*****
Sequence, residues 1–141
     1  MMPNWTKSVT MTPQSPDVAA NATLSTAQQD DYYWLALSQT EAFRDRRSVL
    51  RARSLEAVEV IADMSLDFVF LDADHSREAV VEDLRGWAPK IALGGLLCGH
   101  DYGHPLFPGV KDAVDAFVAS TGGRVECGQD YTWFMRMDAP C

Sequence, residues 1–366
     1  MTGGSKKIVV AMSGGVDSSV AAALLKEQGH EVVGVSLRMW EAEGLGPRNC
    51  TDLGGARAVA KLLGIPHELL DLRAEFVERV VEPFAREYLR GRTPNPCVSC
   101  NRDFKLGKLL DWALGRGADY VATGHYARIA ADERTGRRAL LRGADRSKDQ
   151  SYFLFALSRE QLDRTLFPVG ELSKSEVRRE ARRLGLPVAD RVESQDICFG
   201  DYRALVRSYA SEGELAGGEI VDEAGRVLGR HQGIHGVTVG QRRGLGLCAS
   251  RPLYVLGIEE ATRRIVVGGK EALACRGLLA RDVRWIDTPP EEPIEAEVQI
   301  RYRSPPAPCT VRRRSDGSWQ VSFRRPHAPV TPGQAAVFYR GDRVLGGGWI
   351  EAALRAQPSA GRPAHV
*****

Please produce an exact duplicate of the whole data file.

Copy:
Sequence, residues 1–141
     1  MMPNWTKSVT MTPQSPDVAA NATLSTAQQD DYYWLALSQT EAFRDRRSVL
    51  RARSLEAVEV IADMSLDFVF LDADHSREAV VEDLRGWAPK IALGGLLCGH
   101  DYGHPLFPGV KDAVDAFVAS TGGRVECGQD YTWFMRMDAP C

Sequence, residues 1–366
     1  MTGGSKKIVV AMSGGVDSSV AAALLKEQGH EVVGVSLRMW EAEGLGPRNC
    51  TDLGGARAVA KLLGIPHELL DLRAEFVERV VEPFAREYLR GRTPNPCVSC
   101  NRDFKLGKLL DWALGRGADY VATGHYARIA ADERTGRRAL LRGADRSKDQ
   151  SYFLFALSRE QLDRTLFPVG ELSKSEVRRE ARRLGLPVAD RVESQDICFG
   201  DYRALVRSYA SEGELAGGEI VDEAGRVLGR HQGIHGVTVG QRRGLGLCAS
   251  RPLYVLGIEE ATRRIVVGGK EALACRGLLA RDVRWIDTPP EEPIEAEVQI
   301  RYRSPPAPCT VRRRSDGSWQ VSFRRPHAPV TPGQAAVFYR GDRVLGGGWI
   351  EAALRAQPSA GRPAHV